One-size-fits-all features will have even less success as a result of the expanding mosaic-like structure of users, which will force new platforms to address additional regional problems.
There is also dark social behaviour, much of which takes place in encrypted pipelines, so we truly have no idea what the Internet is thinking.
How is the Metaverse doing right now?
It’s unlikely that Mark Zuckerberg will immediately implement his absurd interpretation of the Metaverse in the workplace.
Extended reality (XR) may be the solution for virtual collaboration and communication, as hybrid workforces are growing more prevalent and travel is still not as viable as it once was.
Due to the high cost of these virtual interaction tools, it may be up to employers to provide headsets and other equipment to their staff for frequent XR meetings.
The original implementation of this would resemble an improved form of video conferencing once interaction with virtual objects was added.
Throughout the year, regular users can anticipate using a few more commercial Metaverse versions.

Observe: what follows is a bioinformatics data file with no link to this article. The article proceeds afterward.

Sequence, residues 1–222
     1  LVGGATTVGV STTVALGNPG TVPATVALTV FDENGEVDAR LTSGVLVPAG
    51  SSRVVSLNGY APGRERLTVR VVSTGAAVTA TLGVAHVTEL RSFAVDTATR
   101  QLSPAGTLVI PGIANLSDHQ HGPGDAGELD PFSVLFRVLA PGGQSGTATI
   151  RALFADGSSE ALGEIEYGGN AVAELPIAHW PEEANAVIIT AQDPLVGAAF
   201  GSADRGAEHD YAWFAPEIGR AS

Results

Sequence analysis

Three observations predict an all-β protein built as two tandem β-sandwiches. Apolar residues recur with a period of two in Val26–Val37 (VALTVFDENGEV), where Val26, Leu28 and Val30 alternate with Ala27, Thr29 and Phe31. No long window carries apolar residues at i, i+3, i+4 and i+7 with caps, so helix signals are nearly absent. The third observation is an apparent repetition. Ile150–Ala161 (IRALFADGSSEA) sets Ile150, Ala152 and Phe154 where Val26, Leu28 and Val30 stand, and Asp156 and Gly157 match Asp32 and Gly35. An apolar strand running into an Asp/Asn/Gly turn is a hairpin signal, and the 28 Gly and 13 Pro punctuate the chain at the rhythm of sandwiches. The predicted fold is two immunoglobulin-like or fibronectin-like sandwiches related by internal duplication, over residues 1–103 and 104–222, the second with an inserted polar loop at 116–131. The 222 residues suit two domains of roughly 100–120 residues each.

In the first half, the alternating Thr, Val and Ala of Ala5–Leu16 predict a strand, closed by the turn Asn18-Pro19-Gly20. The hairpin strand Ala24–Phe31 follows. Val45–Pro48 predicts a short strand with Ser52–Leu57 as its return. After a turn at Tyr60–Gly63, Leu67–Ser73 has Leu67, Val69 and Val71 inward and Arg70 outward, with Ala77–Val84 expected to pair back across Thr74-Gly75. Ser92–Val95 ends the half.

It will be difficult to find hardware that will allow you to enter these virtual realms without becoming bankrupt in the real world. The primary disruptor may be a smartphone or other readily available technology that makes it easier for people to log into the Metaverse.
These technologies must be used to improve human connectivity, make life easier for individuals, and ultimately advance the welfare of human civilization. This is particularly important now that new IT and world technologies like social media, artificial intelligence, and the Metaverse are growing.
Because of this, it is essential for the government, businesses, and users to work together to ensure that these platforms are used properly and to develop the global community.